Remarks by John A. Fry
June 13, 2017
Good evening everyone. And congratulations, graduates. This very special night belongs to you. And it’s a pleasure to welcome the members of that big supporting cast that helped get you here: the proud families and friends, our distinguished faculty, trustees, professional staff and administrators.
Everyone here tonight is part of the extended Drexel family. And like most big families, it takes a very special occasion to bring us all together. This is our second all-University Commencement. But this time it’s under the lights here at Citizens Bank Park — home of the Phillies.
And the Phillies have the distinction of playing in the first night game in Major League history, back in 1935. Losing to the Reds at Crosley Field in Cincinnati. For a tradition-conscious institution like baseball, this was major-league change — pardon the pun. And there was resistance. The owner of the Washington Senators flatly declared, “There is no chance of night baseball ever being popular in the bigger cities.”
Like Major League Baseball, Drexel University is an institution proud if its traditions. But one of our proudest traditions is being an agent of change. That tradition of driving positive change, instead of waiting for it, is stronger than ever today. It’s reflected in each of you graduates, and it goes back to our very beginning.
The class of 2017 is graduating as we wind up our year-long celebration of Drexel’s 125th anniversary. And the more I learn about Drexel’s history, the deeper admiration I feel for the man who was our original change-agent: our founder, Anthony J. Drexel
A.J. Drexel was an investment banker. He had an investor’s talent for assessing the future and recognized that the new industrial revolution was creating a demand for workers with skills that weren’t being taught in any school. So, he created the Drexel Institute of Art, Science & Industry to prepare young people for the skilled jobs of the new age. But also to enrich their lives with art and music.
That was a new direction in education, and helped set the foundation for Drexel University. A.J. Drexel was adamant that this new school would be equally accessible to women and men, and to people of all races and religions. Those values are universally endorsed in the U.S. today, if not always practiced. But they represented radical change when Drexel opened in 1891.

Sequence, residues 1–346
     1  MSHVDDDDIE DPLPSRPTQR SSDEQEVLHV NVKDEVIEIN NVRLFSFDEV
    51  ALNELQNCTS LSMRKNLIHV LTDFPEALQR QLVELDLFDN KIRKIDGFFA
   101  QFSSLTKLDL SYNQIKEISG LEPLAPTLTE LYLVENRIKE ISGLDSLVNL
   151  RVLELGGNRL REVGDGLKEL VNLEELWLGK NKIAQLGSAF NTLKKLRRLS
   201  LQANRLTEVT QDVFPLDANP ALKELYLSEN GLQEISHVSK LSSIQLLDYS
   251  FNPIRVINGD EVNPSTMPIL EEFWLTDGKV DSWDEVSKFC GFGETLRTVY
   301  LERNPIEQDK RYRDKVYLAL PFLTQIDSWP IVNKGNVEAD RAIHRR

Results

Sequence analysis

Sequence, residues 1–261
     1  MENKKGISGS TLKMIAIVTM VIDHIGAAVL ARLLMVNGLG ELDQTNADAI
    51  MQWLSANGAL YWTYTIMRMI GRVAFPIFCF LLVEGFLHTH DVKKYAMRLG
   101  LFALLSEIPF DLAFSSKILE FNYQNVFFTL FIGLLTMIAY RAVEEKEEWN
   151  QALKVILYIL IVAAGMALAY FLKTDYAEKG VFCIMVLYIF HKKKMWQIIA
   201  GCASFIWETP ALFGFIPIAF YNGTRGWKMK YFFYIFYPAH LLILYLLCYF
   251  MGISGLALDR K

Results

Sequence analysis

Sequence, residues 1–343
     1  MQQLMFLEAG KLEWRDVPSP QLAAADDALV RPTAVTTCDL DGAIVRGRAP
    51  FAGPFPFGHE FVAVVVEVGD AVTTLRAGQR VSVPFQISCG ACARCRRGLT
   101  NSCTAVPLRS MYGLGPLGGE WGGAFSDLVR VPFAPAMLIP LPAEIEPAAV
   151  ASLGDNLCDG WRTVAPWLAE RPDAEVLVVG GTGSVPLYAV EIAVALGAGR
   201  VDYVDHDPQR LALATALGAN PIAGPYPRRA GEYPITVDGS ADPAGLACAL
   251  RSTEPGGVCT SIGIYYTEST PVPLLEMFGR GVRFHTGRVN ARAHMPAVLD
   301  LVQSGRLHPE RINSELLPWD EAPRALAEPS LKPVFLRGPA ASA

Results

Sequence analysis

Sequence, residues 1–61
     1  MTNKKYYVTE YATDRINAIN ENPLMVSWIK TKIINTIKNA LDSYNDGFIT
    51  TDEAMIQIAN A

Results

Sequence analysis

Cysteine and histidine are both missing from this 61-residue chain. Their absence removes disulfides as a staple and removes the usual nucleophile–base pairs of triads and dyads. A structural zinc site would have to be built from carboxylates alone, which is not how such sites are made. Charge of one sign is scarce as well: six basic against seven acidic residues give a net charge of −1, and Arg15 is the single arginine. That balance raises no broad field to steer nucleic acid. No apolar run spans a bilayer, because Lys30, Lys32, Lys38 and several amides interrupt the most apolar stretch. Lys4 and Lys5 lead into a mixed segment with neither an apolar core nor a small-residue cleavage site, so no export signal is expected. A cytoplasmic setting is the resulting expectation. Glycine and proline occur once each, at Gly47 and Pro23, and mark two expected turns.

This was a time when New Jim Crow laws were legislating discrimination against African Americans. Meaningful civil rights legislation was still 75 years away. Most colleges didn’t admit women, nor would women be able to vote in presidential elections for another 29 years.
Suffice it to say, A.J. Drexel set directions for us that have stood the test of time. And through his example, he encouraged traditions that became an essential part of who we are today. One of those traditions is civic engagement, reaching out into the community to help make a difference in people’s lives.
And I think even A.J. Drexel might be surprised to see how civic engagement has expanded from a Philadelphia-based tradition to a global tradition.
I just came back from a 10-day visit to Southern Africa, along with Dana and David Dornsife — two of Drexel’s greatest supporters. And also Shannon Marquez, our vice provost for international development. The Dornsifes are roll-up-your sleeves and get-involved philanthropists, incredibly generous to Drexel and true believers in civic engagement.
In Southern Africa, we’re civically engaged with villages in some of the poorest places on earth. We’re partnering with the Dornsifes and the humanitarian organization World Vision to provide these communities with an accessible, reliable supply of safe, clean water — a vital commodity that a billion people in the developing world don’t have.
In Swaziland, I visited with a family where three teenage sisters got up at 4:30 every morning
to make a two-hour walk to retrieve water for the family before they went to school.
But in Zambia, I awarded certificates to World Vision professionals who had completed Drexel’s online graduate-level course on water sanitation and health issues. And I got to enjoy the enthusiasm of the Drexel co-op students working in these African communities for 3 to 6 months as part of the Dornsife Global Scholars program.
The community engagement work we’re doing in Africa might be very different in its particulars from the work we’re doing with our neighbors in West Philadelphia. But the spirit is the same in both places: Drexel people are working to lift families, giving them opportunities, giving them choices, giving them hope.
Most of you have experienced some form of civic engagement during your years at Drexel. I hope that experience convinced you that life is enriched by interaction with our neighbors for the common good of the community.
Just as our national life is enriched when America interacts with our neighbors in the world for the common good of the global community, you’ve also felt the benefits of the Drexel tradition of combining academic excellence with career preparation. That tradition partially explains why within a year of graduation 96 percent of Drexel graduates are employed full-time earning substantially more than graduates of comparable schools, or they are in graduate school.
But we start out with a substantial advantage, because our applicants tend to be people like you, with the intellectual gifts and personal strengths to earn a Drexel degree. Which also makes me sure that you will relate to our Commencement speaker — John Maeda — a brilliant and original thinker who’s working at the intersection of business, technology, education and the arts.
And wherever you focus your professional energy, I’m confident that you will use your talents to engage with the world and in the best Drexel tradition to be agents of positive change. A.J. Drexel would be proud of you. I certainly am! Congratulations.